Conference decides to partner MWS in pilot project

THE General Conference Women’s Society of Christian Service (GC-WSCS) has taken up the challenge of setting up a Post-Care Hostel for Teenage Girls in partnership with the Methodist Welfare Services (MWS).

The decision was taken at its 9th Quadrennial Session at the Bayview Hotel in Malacca after the proposal to set up the hostel was presented by the outgoing President, Mrs Laureen Ong, who described it as “a great challenge and opportunity to demonstrate God’s love”. The three-day conference was held from Aug 15 to 17.

Giving the background and some details of the project to the 100-odd delegates and observers, Mrs Ong said the MWS would like to partner GC-WSCS on this “worthwhile” pilot project at the initial suggestion of the Ministry of Community Development, Youth and Sports (MCYS).

The hostel will look after girls who have been admitted to institutions and are assessed to be in moral danger; girls placed in institutions because they are beyond parental control; and girls who are orphans or whose parents are missing – in prisons or uncontactable.

The MCYS feels that the MWS is “uniquely positioned” to implement this project as it has family service centres, expertise and community-related experience.

Mrs Ong emphasised that a commitment of at least five years would be required from the GC-WSCS. The estimated total operating expenditure is about $380,000 a year. “We expect to obtain partial government funding,” she said.

She added: “We will need a group of committed volunteers to help run the hostel. Besides getting staff and resources, we also need volunteers who can teach craftwork and life-skills to the girls.”

In keeping with the theme of the conference, she challenged the WSCS women: “Dare to Make a Difference! Be Ambassadors for Christ.”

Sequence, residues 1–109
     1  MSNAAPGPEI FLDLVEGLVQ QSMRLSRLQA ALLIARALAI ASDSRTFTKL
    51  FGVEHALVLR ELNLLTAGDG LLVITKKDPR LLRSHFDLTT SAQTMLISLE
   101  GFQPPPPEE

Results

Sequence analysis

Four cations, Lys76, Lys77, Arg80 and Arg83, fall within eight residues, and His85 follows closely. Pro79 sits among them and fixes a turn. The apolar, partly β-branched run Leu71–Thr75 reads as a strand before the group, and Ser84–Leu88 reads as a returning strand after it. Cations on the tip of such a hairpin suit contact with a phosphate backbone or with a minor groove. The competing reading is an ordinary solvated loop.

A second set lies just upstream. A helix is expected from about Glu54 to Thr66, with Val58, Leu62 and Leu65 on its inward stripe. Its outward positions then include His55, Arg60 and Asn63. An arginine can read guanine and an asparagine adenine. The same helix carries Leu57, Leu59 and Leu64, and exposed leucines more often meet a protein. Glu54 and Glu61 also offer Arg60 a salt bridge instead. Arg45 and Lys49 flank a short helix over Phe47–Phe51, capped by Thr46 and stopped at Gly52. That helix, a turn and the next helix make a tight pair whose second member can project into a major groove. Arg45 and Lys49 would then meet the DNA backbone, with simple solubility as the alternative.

In between the business sessions of the quadrennial conference, there were messages and teaching sessions from Bishop Dr Robert Solomon, the keynote speaker, who also administered the Holy Communion and installed the newly-elected Executive Committee at the end of the conference before Mrs Ong declared the 9th Session of the conference closed.

Mrs Malar Solomon was the guest speaker, and she spoke at the start of the Opening Service. In his first keynote address on Aug 16, Bishop Dr Solomon urged the women to be faithful and fearless ambassadors of Christ, saying: “To be an ambassador for Christ is an honour. We represent the Lord. We are to proclaim the message of reconciliation. We are to carry ourselves well, we are to exhibit Christlikeness.”

“But,” he cautioned, “Be prepared for suffering. Show fearlessness because Jesus – and faithfulness to Him – is more important than anything else.”

In his Closing Service message, the Bishop referred to the donkey of Palm Sunday and said that Jesus, riding on a donkey, was part of God’s eternal plans.

“Jesus,” he said, “also has a plan for you. He offers to free you to obey Him and go where He goes. This requires obedience and sacrifice.